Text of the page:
Research-based
policy recommendations
for the G7

Ending Vaccine Inequity and Injustice

Abstract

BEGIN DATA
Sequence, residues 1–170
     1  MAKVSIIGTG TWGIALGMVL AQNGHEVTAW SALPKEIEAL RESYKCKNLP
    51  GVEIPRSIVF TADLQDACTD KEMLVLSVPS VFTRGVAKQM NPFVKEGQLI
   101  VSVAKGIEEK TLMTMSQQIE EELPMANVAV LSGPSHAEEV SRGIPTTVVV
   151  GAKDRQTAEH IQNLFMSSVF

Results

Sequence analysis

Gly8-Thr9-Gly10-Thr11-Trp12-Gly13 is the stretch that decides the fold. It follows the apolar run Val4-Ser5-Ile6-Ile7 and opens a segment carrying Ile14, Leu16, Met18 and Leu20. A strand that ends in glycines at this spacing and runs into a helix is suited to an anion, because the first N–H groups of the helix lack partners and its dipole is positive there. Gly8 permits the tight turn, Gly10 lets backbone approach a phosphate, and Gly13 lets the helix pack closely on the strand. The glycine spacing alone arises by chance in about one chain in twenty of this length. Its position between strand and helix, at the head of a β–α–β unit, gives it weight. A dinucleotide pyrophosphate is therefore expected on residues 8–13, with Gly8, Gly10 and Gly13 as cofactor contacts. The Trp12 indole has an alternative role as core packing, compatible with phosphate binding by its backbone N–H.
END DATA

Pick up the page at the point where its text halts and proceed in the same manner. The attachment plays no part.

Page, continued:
Vaccine inequity has devastated millions of lives globally. It has not only impacted citizens of poorer countries who are unable to access vaccines but also people in more industrialised nations as access became stratified across race, income level and geographic location. Ultimately, the uneven rollout has affected the entire international community as variants continue to proliferate and raise the possibility of reduced vaccine efficacy against COVID-19. This inequity is a symptom of the larger malaise of uneven and skewed health systems, affecting economic development and, social stability. Thus, this moment is critical for both financial and moral reasons, providing the G7 with the opportunity to rethink and to act on equitable vaccine access and health priorities. This issue paper is set in the context that the worst effects of the COVID-19 pandemic may be waning (Murray, 2022) but there are stark warnings of increased occurrence and severity of pandemics in the future due to rapid and chaotic urbanisation, climate change and deforestation (Thoradeniya & Jayasinghe, 2021). It is therefore crucial that the next pandemic does not catch us unprepared as this one did, and we avert the tremendous toll on lives, livelihoods and societies. A vaccine delayed is a vaccine denied. The present injustice and vague promises should be replaced by genuine action to save lives—all lives. The c urrent course of action will not contain transmission of the virus and we need continued joint collaborations and initiatives if we are to progress towards an equitable world.